Hard Disks and Solid State Drives
So we’ve already identified the RAM as being the equivalent of your brain’s short term memory. Well to stick with the analogy, a Hard Disks (HDD) are the long-term memory.
What are hard disks?
A typical hard disk is an extrapolation of designs that date back over 60 years! You can think of it like an old turntable (record player), with a double-sided disk, with needle and arm on either side of the disk. However, there are always multiple disks (platters) and two heads per platter (one for each side). Instead of grooves and a needle, they are magnetic (like an old tape recorder) and as such are susceptible to being wiped by magnetic fields.
They are mechanical devices and while each platter spins, the head very rapidly moves backwards and forwards from place to place on the platter (it doesn’t just sequentially move from the outside towards the inside). That’s why you sometimes here a spinning noise and a rattling noise inside your machine. When parts of the hard disk starts to fail, you’ll sometimes hear clicking noises as the head tries to read a part of the disk which is damaged.
What could possibly go wrong?
Hard disks DO die. They have a limited life span and some last much longer than others. They’re very susceptible to bangs and knocks, extreme temperatures (inside your computer) and the amount they are read from and written to will influence how long they last.
Since hard disk do not last for ever, and I’ll say it again… they DO die, and they store all of your data (photos, music, videos, documents… everything), it is crucial to keep backups. How frequently you back up your data depends on how frequently you write new data to the disk.
They also slow down over time depending on how full they are and how the data that is written to them is arranged. Remember that I said that they do not read data in a sequential spiral like an old vinyl? Well that’s true: they can randomly move the head to any track anywhere on the disk in any order. However, moving the head from the outside of the platter to the inside of the platter to the inside takes a small, but measurable amount of time.
The more the head has to move to open a file or application, the slower it will load. As the disk gets fuller, data on it gets more and more fragmented across the platters of the disk drive. This causes ever increasing slow down and a partial temporary way to mitigate the problem for a while is to defragment the disk (modern operating systems sometimes do this automatically from time to time).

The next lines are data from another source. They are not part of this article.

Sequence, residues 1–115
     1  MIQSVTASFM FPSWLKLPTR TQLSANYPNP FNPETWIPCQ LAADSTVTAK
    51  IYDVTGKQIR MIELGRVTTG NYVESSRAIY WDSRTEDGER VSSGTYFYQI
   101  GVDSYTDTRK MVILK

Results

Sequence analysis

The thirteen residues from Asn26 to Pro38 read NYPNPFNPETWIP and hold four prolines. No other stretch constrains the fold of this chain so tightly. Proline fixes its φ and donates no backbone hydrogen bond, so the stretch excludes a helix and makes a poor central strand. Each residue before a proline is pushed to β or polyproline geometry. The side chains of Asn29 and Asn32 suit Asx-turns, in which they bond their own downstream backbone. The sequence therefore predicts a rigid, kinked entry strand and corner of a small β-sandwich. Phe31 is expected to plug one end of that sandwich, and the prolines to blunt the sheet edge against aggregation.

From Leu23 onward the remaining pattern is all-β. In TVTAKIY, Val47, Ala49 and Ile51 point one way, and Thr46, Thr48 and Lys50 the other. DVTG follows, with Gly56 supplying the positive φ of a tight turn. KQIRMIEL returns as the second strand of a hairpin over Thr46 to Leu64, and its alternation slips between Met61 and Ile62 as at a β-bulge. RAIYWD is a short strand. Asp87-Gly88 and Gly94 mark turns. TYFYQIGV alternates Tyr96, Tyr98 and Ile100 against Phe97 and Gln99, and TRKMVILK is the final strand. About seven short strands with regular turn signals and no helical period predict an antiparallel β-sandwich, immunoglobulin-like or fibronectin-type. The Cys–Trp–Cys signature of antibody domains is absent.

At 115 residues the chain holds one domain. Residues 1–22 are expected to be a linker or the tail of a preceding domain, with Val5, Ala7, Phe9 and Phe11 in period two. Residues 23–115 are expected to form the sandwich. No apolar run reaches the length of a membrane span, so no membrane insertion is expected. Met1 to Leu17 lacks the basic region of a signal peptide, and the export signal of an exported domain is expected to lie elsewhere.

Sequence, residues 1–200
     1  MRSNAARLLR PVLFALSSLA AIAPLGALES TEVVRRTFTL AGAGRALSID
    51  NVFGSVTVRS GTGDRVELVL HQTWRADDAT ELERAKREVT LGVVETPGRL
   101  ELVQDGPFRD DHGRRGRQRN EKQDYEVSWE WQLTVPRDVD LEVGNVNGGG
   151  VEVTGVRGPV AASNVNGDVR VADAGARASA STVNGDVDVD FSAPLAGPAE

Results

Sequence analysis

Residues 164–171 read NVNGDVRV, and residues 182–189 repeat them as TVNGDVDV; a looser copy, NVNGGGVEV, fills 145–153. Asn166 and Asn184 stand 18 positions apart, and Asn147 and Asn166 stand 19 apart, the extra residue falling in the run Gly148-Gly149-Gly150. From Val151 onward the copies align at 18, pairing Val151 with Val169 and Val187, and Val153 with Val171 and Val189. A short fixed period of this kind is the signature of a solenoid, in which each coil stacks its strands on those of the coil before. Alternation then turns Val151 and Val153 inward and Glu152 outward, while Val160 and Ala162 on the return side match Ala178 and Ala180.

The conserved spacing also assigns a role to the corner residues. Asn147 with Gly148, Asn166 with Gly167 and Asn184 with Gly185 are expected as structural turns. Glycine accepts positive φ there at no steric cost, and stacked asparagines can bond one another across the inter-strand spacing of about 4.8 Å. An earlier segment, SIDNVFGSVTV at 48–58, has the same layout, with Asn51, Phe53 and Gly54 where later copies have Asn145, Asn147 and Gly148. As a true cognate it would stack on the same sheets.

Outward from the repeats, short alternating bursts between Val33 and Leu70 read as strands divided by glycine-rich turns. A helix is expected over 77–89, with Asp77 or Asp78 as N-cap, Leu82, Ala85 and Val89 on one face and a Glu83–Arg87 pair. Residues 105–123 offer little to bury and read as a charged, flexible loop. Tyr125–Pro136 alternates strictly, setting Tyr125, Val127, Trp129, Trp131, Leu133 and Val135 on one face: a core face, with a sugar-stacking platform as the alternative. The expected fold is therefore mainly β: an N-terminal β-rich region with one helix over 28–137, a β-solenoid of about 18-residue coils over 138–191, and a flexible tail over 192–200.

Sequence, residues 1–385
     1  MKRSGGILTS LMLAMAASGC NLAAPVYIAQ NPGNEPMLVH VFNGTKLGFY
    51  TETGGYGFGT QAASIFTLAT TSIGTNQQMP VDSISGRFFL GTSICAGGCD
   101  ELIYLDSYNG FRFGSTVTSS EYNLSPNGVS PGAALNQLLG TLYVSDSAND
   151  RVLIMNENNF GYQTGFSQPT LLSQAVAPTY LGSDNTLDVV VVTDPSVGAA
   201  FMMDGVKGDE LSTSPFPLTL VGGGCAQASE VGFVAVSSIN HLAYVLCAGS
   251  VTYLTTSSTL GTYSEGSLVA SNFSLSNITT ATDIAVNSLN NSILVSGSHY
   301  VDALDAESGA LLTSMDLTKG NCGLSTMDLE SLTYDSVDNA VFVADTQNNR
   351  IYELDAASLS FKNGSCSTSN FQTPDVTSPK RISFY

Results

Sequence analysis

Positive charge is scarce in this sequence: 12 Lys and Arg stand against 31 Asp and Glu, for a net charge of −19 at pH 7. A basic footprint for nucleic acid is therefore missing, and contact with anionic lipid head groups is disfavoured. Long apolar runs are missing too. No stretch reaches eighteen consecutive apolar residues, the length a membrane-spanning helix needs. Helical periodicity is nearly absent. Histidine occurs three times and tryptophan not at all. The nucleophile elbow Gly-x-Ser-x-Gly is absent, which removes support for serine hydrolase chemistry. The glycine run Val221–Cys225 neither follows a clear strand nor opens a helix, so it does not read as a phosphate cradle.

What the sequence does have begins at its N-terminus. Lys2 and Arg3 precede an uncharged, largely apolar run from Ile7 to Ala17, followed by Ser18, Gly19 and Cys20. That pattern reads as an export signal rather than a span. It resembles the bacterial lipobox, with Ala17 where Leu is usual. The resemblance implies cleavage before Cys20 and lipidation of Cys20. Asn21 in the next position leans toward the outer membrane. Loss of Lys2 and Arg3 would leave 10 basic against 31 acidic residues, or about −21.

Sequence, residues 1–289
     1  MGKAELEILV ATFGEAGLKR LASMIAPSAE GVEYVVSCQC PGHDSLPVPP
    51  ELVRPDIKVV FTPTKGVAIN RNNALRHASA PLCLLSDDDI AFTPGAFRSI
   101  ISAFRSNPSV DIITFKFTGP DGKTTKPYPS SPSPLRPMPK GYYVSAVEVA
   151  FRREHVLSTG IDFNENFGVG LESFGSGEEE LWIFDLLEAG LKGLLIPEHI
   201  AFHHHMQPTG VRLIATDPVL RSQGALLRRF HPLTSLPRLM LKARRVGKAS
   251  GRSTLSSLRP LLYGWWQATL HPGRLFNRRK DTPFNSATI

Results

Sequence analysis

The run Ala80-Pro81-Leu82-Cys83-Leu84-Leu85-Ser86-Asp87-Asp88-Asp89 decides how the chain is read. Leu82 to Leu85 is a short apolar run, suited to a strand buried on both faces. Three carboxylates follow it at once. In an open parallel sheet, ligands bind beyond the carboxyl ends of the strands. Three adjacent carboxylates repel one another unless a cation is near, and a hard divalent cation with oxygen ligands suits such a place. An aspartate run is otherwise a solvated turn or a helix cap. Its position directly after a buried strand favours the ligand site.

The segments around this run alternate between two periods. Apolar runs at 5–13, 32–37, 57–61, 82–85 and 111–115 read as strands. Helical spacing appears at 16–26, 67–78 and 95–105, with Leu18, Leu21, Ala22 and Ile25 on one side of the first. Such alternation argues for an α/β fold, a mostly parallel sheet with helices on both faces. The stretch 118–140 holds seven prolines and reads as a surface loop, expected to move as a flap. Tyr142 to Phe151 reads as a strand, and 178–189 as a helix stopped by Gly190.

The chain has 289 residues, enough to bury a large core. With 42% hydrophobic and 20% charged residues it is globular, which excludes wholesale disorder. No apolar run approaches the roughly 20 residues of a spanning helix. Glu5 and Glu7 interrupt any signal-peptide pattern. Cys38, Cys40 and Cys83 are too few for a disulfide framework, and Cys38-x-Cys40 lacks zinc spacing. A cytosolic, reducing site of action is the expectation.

Your computer will dramatically slow down if it is “swapping” a lot (due to insufficient RAM), to a fragmented page file. The page file is an area on the hard disks reserved for RAM offload.
Bring on the Solid State Drives (SSD)!
Thankfully, in recent years, there has been a revolution in long term storage. Mechanical Hard Disks have been superseded by Solid State Drives (SSD). A Solid State Drive is much more akin to the little SD card you might have in your digital camera. It contains no moving parts and even a cheap one is typically at least 10 times as fast as a hard disk drive.
High capacity SSDs are still quite expensive compared to HDDs, so sometimes desktop computers come with both a small SSD and large HDD (or a drive that combines both).
If your HDD is constantly rattling away or running near its maximum transfer rate, you will inevitably have a slow computer. Occasionally you can find the process that is causing the constant activity and shut it down or lower its priority. Sometimes it’s a crucial activity but it is not unusual to have a malicious hidden piece of malware such as a virus rattling away in the background. It’s important to identify the cause before choosing a solution.
Should I replace my Hard Disks?
Replacing a painfully slow HDD with a fast SSD in an ageing computer is often a relatively easy task. In most cases will make a very dramatic (and cost effective) improvement in your computer speed. It will improve both the boot up time of your computer and how it performs while you are using it.
Buying a new computer without an SSD is highly inadvisable these days. Unfortunately, computer stores will still palm off machines to the unknowing shopper. Keep an eye out for SSD or HDD labels and avoid any machine that only has an HDD.
DeGeekIT can help you identify the root of your computer performance problems and help you identify the best solution. If you do need to buy a new computer or component, talk to us first and find out what’s best for your needs. Empower yourself! Spending a bit of time and money with DeGeekIT will help prevent you from wasting money on poor computer purchases! Contact us today!Book Appointment